US 2210283 A
Description (OCR text may contain errors)
Aug. 6, 1940. I R. G. COWAN 2,210,283
' SAUCER Filed Opt. 20, 1938 WWW W M INVENTOR A? 6Q) Can r1 ATTORNEY Patented Aug. 6, 1940 I PATENT OFFICE SAUCER R. Guy Cowan,
County, N. Y., assignor Syracuse, N. Y., a corporation of Company, New York Fayetteville Township, Onondaga to Onondaga Pottery Application October 20, 1938, Serial No. 235,969
The present invention relates to saucers formed of ceramic material and adapted for use in association with a tea or coffee cup, and for handling, under the severe conditions to which such tableware is subjected in hotel, restaurant, steamship and railroad dining car service, and the general object of the present invention is to provide a saucer formed as hereinafter described, to insure relatively great strength, needed for such service, and in particular, to facilitate the proper stacking of saucers so as to minimize the risk of breakage of the stacked pieces.
In the above mentioned service in hotels, restaurants, etc., the manner in which tableware is handled and the large number of pieces frequently included in an individual stack, as well as the immediate conditions of use, contribute to a breakage rate not infrequently as great as 50% or 60% per year, and much in excess of the usual breakage rate of tableware in ordinary domestic use. In consequence, modifications in the form of saucers contributing toincreases in saucer strength which would be unnecessary and without practical importance for domestic use, may be of substantial practical importance in the case of tableware used in hotels, restaurants, etc.
The various features of novelty which characterize the present invention are pointed out with particularity in the claims annexed to and forming a part of this specification. For a better understanding of this application, however, its advantages and specific objects attained with its use, reference should be had to the accompanying drawing and descriptive matter in which ,I have illustrated an embodiment of the invention.
of the drawing:
Fig. 1 is a plan view of a saucer partly broken away;
Fig. 2 is a vertical section through a plurality of saucers, assembled one above another in a stack; and
Fig. 3 is a vertical section of a portion of a stack of alternating cups and saucers.
The saucer A shown in the drawing, comprises a central, substantially fiat, horizontal bottom section B, separated from the dished outer section of the saucer, at the upper and lower sides of the latter by annular ribs or sholders C and D, respectively. The top surface of the central section B is below the level of the top surface E of the immediately adjacent portion of the outer section of the saucer, so that without the rib C, the top surface of the central saucer section B would form the bottom of a cup receiving well of customary form. The rib C increases the depth of the well, and, preferably and as shown, my improved saucer is so shaped that the well is approximately twice as deep as is customary and as it would be if the rib C were omitted.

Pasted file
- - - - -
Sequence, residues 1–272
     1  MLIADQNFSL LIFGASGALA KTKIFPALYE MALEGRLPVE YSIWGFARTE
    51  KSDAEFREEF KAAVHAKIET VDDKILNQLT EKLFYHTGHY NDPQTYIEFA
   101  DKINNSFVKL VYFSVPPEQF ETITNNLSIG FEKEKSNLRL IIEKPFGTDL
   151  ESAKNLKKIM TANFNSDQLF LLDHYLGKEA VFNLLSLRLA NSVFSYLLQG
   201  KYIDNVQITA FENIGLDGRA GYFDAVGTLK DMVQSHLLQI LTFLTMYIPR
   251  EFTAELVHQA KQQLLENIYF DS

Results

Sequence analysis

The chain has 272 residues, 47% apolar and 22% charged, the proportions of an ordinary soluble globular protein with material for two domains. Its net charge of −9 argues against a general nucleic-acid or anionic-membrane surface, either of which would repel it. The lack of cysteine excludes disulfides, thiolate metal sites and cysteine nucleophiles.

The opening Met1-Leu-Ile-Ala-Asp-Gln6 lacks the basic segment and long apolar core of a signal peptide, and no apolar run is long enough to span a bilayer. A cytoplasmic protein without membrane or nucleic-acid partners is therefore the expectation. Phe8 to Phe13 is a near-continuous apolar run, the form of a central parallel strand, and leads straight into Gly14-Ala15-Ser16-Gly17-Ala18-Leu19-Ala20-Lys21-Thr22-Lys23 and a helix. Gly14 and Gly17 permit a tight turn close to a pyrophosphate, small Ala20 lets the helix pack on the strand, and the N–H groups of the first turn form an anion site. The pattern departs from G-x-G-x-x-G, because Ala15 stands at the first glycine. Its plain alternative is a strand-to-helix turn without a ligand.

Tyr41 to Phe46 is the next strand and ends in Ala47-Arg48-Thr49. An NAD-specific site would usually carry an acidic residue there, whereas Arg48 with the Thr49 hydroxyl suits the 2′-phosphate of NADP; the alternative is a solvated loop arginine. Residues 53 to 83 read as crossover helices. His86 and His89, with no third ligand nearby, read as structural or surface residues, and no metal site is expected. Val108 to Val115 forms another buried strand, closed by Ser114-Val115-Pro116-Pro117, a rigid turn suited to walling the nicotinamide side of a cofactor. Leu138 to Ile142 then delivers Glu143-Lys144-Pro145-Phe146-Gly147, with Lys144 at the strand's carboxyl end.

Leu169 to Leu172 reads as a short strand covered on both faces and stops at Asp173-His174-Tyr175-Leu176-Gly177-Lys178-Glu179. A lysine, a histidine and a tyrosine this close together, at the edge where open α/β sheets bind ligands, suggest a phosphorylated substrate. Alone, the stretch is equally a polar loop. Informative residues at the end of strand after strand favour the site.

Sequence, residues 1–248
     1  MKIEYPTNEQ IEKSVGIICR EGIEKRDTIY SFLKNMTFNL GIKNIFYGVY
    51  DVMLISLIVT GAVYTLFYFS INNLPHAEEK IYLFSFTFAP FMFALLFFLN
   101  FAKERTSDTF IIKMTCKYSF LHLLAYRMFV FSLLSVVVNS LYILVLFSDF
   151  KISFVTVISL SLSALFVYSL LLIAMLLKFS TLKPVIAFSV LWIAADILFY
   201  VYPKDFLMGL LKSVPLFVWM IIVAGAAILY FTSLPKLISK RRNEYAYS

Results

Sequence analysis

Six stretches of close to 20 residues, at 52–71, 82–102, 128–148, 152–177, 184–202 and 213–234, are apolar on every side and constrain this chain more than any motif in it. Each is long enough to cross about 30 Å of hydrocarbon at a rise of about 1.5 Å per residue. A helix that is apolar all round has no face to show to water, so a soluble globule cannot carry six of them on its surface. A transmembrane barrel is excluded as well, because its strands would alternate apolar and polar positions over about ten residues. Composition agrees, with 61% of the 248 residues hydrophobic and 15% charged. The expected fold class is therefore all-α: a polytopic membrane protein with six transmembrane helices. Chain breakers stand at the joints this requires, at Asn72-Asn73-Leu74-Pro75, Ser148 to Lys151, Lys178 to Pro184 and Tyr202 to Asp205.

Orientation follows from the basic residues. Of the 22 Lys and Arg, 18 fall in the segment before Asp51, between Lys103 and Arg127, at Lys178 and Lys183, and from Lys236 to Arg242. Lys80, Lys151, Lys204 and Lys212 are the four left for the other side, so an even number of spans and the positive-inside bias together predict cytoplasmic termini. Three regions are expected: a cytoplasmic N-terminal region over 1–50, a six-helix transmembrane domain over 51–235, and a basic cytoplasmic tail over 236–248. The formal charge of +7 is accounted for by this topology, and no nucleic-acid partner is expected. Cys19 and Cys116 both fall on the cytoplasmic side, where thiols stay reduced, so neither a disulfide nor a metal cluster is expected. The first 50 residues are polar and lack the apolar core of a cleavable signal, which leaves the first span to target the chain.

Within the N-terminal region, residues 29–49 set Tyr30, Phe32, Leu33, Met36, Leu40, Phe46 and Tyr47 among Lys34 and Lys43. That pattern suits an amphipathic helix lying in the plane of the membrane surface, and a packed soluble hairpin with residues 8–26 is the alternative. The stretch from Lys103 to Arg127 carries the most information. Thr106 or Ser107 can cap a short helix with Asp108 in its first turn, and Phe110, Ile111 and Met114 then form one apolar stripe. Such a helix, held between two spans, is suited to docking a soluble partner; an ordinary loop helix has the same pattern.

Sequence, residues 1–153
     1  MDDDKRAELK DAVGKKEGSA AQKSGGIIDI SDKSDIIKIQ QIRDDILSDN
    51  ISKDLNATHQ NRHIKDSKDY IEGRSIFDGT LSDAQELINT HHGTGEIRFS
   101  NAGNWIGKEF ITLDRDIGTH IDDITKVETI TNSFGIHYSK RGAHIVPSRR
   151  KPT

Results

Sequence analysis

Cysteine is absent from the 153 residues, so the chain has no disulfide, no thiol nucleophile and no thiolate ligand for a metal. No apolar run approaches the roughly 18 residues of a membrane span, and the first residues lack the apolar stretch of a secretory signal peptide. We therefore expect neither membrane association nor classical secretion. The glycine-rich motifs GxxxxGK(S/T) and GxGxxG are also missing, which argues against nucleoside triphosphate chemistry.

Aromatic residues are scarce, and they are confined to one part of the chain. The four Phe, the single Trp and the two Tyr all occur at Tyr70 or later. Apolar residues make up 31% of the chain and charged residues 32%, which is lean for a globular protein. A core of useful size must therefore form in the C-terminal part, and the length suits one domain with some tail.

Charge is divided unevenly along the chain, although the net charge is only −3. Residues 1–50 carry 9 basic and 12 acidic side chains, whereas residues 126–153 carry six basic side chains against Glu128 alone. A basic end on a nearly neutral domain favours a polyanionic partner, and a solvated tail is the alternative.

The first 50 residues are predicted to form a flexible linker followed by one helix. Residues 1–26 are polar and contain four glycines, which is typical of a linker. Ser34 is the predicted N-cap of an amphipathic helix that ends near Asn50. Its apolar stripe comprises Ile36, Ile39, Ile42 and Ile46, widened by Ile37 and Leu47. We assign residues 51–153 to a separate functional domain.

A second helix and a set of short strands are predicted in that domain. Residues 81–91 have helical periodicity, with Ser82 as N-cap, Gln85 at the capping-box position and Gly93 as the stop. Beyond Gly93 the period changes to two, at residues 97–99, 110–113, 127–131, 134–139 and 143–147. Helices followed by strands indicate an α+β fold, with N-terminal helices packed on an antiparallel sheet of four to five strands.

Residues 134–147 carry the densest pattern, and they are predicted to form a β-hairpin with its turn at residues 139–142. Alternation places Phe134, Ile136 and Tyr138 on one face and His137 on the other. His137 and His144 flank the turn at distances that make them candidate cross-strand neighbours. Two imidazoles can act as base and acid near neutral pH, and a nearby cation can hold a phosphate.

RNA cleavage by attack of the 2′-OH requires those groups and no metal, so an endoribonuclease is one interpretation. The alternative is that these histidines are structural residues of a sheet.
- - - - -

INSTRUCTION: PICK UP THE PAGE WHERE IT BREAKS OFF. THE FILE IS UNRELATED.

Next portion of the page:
The rib D at the underside of the saucer and constituting its supporting foot, is larger in diameter than the top rib C, and is so proportioned relatively to the latter, that when a plurality of saucers A are assembled in a stack, as illustrated in Fig. 2, the foot rib- D of each upper saucer in the stack, seats directly and firmly against the top surface portion E of the subjacent saucer immediately surrounding the top rib C of the latter. In consequence, there is no wedging or camming action between the adjacent ribs C and D of the adjacent saucers, while at the same time, said adjacent ribs 0 and D are close enough together to prevent significant relative horizontal movement of the two saucers. To minimize any tendency to lateral displacement of the stack, as a result of such irregularities in form as may be expected to occur in ceramic tableware, the surface E- on each saucer directly engaged by the foot D of a superposed saucer, is advantageously made generally horizontal, or is but slightly inclined tothe horizontal.